Their subjects have included many women, straight and gay couples, albeit with what Gilles calls a personal point of view. Key influences and themes in their work have been the cinema, stars, religion, visual culture - images they began to collect as children, copying, cutting and pasting them into albums.
Subjects of their oeuvre have included superstars, a green-faced Mick Jagger; rock legend Iggy Pop; singer Kylie Minogue dressed in a nun's habit sitting side-saddle on a merry-go-round pony; model Claudia Schiffer as Venus; porn star Jeff Stryker with devil's horns and surrounded by toy rabbits; film actor Rupert Everett, chained and lying on a beach of star fish. Sometimes Pierre and Gilles approach the famous. Others, such as French actress Catherine Deneuve and Madonna, have sought out the artists.
Asia, their favourite destination in a life full of travel, figures prominently in their collection. Some critics say the texture of some of the work recalls the sort of calendar or poster one might find in an Indian mum-and-pop store. Thus, we find singer Nina Hagen posing as the goddess Kali, her tongue sticking out. There is a series on Thai boxers, youths from the Mekong, a tattooed Buddhist monk and a favourite Japanese model as the Christian martyr Saint Sebastian.
'We've been attracted to Asia, more than other parts of the world, because of the smiles, the legends, culture and cinema,' says Gilles. Though they have never set foot in China, they are fans of Chinese cinema, particularly Taiwanese director Ho Hsiao-hsien, and Hong Kong director Stanley Kwan Kam-pang's Lan Yu.
Pierre and Gilles present their subjects as saints, soldiers, sailors, athletes, Greek gods - with butterfly wings, bound in ropes and chains, or Christ-like attached to a cross or with a crown of thorns. Many of the photos are sexually charged. Full frontal nudity is common. Occasionally the subjects are inanimate objects, like dolls: a luminous Hello Kitty amid valentine bubbles; two plastic Ken-types embracing in a pool; teddy bears in sun-glasses.
The pair make no apologies for their attachment to kitsch and their penchant for collecting things from the world's bazaars. In pop culture, 'one sees all the culture of a country, its products, the museums and art that might lie behind a market', Gilles says.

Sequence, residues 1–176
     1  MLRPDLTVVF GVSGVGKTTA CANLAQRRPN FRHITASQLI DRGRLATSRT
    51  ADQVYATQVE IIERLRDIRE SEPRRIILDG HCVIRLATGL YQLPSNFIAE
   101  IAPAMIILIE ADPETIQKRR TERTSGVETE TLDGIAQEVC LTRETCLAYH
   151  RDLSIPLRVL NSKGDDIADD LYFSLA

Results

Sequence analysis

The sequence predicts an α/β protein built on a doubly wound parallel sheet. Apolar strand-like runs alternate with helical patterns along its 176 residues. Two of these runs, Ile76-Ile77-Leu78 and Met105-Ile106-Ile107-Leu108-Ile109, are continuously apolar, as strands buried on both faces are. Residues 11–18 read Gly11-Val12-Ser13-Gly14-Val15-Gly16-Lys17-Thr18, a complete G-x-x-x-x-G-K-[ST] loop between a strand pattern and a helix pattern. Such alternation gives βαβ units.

'We didn't think our work corresponded to what was in galleries of art in the 1970s, from the conceptual or abstract point of view,' says Gilles. 'We didn't think our work had a place in art. At first we didn't want to talk about death, or weighty things. There are many artists who talk about the sad life. We were a bit opposed to that.'
To their surprise, it was not long before Pierre and Gilles found themselves being invited to show their works in museums and galleries, giving them recognition as bona fide artists.
Their first exhibition was at the Gallerie Texbraun in Paris in 1983. Since then their works have been exhibited throughout Europe, Japan and the United States, culminating in major retrospectives at the New Museum of Contemporary Art in New York, and at the Yerba Buena Centre for the Arts in San Francisco, in 2001.
Over the years, their photography has developed a more sombre aspect, moving from the psychedelic images of the 1970s and early 1980s into works of surreal light and shadowy backdrops. Even if the models continue to be nothing short of stunning, their looks become melancholy. Intimations of mortality surround them.
Pierre and Gilles' latest series, Interior Exile, represents a new departure. Crisp lines and Technicolor have given way to fluid images distorted and reflected as in a house of mirrors, sometimes to the point of sheer abstraction. We see only the colours of the flesh, light and darkness. Rather than being idealised, the figures verge on the grotesque. Instead of looking straight at us, as in most of their earlier works, the images draw us into a shadowy world of the mind.
This more melancholic aspect has come with experience and age. Even if the two artists seem to enjoy a gilt-edged life, they have not been untouched by the suffering around them. 'In the 1980s we lived through Aids, drugs. Our work changed,' says Gilles. 'We saw a friend die at age 30. That's not normal. It's revolting.'
In the early days, Pierre and Gilles were loath to sell their painted photos. That is no longer the case. Their exclusive representative, the Galerie Jerome Noirmont in Paris, says a Pierre and Gilles work sells from US$20,000 to US$100,000.
Now in their 50's (they do not give out their exact ages), Pierre and Gilles prefer quieter leisure pursuits like going to the gym, walks, the cinema and spending time with friends, as well as travel. 'But mainly, we like to work at home. It's pleasant and calm,' Gilles says.
Their photos are shot in their basement studio. A large photo of a Russian sailor (fully clad) lies on the floor, waiting for Gilles to apply his paint and glazes. On an easel is a naked Adonis, which Gilles has taken out of storage to rework. In one corner stands a collection of white skeletons. There is a wall full of props stored in bubble gum-pink paper boxes, each labelled: Thai jewels, plastic flowers, Japanese flowers, transparent masks, autumn plants, feathers, swans and so on.
Critics may still debate whether Pierre and Gilles are indeed artists or purveyors of kitsch. It is a question that does not seem to occupy the pair's thoughts which, even as they become more pensive about life's meaning, are permeated with a quest for joy and beauty.
'Beauty,' says Gilles, 'is to be surprised by something. It gives pleasure - a pleasure that forces people to look.'
Exhibitions of works of Pierre and Gilles are scheduled for the Centre of Photography, Seoul, South Korea, April 1-May 4, 2004; and for the Museum of Modern Art, Singapore, May/June 2004.